This result suggests the importance of exploring other possible early markets where H2 might compete with conventional fuels in the presence of carbon valuations of less than $100/tC. Preliminary analysis suggests that the industrial fuel market is worth exploring for coal-derived H2 with carbon capture and storage. In that market, the high costs of small-scale compressed gaseous H2 storage can be avoided – costs which make automotive market development difficult.


Hydrogen/CO2 infrastructures

Key inputs to our H2 fuel cell vehicle lifecycle cost assessment are estimates of the cost of H2 to consumers. These estimates, in turn, require estimates of H2 distribution infrastructure costs for vehicle applications. We have estimated, self -consistently, the costs of H2 production, pipeline distribution to filling stations, and use in vehicles. Not surprisingly, the cost of providing at refueling stations high pressure H2 for storage onboard vehicles represents a significant fraction of the total infrastructure cost. In contrast, it appears that the incremental costs for capturing/storing CO2 below ground are quite small, if storage costs are dominated by the costs of pipes and wells. Thus if H2 vehicles can be made competitive when the H2 is produced from fossil fuels with CO2 vented, these vehicles would probably also be competitive with the CO2 captured and stored.


Hydrogen Combustion and Safety

Experiments and computational simulation were conducted on the ignition of hydrogen/air mixtures by either a heated jet or a spark discharge. The flammability boundaries and the associated controlling chemistry were identified. It was further demonstrated that hydrogen flames are inherently unstable in their propagation, which could lead to flame wrinkling and transition to turbulence. The possibility of moderating the explosivity of hydrogen/air mixtures through hydrocarbon doping was also investigated.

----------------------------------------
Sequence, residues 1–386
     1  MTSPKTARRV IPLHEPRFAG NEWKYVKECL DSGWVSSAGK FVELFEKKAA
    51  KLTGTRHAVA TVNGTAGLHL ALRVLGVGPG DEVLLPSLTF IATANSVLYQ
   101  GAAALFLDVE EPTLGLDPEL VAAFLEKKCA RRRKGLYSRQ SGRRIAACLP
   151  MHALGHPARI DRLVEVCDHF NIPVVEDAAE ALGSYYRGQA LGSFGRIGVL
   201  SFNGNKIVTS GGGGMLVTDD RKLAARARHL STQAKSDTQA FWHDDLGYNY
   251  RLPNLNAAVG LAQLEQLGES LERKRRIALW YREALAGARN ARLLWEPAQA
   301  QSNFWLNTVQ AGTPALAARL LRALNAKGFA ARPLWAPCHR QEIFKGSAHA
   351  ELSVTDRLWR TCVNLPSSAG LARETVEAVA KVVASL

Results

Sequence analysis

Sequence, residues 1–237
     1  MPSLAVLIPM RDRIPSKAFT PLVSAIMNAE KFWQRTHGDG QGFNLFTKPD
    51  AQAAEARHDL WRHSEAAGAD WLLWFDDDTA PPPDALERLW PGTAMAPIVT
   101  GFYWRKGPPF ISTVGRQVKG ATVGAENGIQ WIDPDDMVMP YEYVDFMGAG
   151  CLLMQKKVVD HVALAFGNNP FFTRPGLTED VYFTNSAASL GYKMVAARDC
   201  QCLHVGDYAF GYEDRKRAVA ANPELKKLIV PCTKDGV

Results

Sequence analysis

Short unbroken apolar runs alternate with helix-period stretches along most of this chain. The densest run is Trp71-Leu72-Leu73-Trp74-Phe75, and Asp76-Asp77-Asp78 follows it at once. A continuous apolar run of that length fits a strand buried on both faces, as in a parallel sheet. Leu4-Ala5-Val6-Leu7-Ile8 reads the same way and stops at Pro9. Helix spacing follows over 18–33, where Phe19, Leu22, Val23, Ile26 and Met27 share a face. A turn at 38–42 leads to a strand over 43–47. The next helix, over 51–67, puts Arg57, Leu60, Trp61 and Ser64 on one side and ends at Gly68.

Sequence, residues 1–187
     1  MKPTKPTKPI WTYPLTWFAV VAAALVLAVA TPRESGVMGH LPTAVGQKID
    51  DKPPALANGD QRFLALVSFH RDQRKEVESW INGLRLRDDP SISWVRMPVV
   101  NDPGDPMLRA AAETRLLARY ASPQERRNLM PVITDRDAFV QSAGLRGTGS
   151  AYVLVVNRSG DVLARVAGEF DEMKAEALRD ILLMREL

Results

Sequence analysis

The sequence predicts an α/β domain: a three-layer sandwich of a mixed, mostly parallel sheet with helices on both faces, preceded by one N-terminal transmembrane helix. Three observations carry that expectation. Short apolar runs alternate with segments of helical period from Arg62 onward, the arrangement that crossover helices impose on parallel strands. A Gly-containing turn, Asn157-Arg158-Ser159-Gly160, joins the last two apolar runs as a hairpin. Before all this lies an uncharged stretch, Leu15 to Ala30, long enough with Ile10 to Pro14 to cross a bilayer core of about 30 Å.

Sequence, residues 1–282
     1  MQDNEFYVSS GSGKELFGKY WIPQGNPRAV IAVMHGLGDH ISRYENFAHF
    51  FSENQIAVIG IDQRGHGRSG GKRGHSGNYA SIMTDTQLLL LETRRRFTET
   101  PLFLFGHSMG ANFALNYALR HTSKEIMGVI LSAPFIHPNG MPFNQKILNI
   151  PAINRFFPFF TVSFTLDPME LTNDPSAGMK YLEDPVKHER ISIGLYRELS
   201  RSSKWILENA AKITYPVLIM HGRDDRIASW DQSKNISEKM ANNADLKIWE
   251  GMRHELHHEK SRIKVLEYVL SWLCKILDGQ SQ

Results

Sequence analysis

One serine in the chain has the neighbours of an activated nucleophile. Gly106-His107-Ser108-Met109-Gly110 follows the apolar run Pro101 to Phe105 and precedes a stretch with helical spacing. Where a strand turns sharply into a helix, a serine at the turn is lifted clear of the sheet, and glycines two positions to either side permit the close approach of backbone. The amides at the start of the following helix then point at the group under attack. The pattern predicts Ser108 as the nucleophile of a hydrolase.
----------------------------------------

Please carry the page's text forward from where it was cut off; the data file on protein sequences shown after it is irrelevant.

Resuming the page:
Collaboration with Tsinghua University, Beijing

Collaboration between Princeton’s CMI and the new BP-sponsored carbon management program at Tsinghua University, Beijing, took several forms:

  • a year-long visit to Princeton of a Tsinghua faculty member who, with Princeton collaborators, is modeling methanol and dimethyl ether production from syngas and identifying costs appropriate for U.S. and Chinese contexts;
  • jointly producing energy scenarios for China, 1995-2050, to examine environmental, energy-security, energy cost, and energy resource implications of alternative energy technology paths;
  • joint planning of a forthcoming Beijing workshop on “polygeneration,” the co – production of electricity, chemicals, fuels, and heat from fossil fuels;
  • process design projects by Tsinghua graduate students, co -supervised by Princeton and Tsinghua;
  • the week-long hosting by Tsinghua of Princeton graduate students investigating the future of coal in China, and traveling with Tsinghua graduate students to coal country in Shanxi province.
  • The capacity for modeling clean and climate-friendly fossil energy systems is being extended in scope and intensity via this collaboration. The CMI modeling capability, which has focused on H2 and electricity production, is being extended to polygeneration systems. Much of the system component modeling already developed under CMI is directly relevant and is being transferred to analysis of these different energy systems.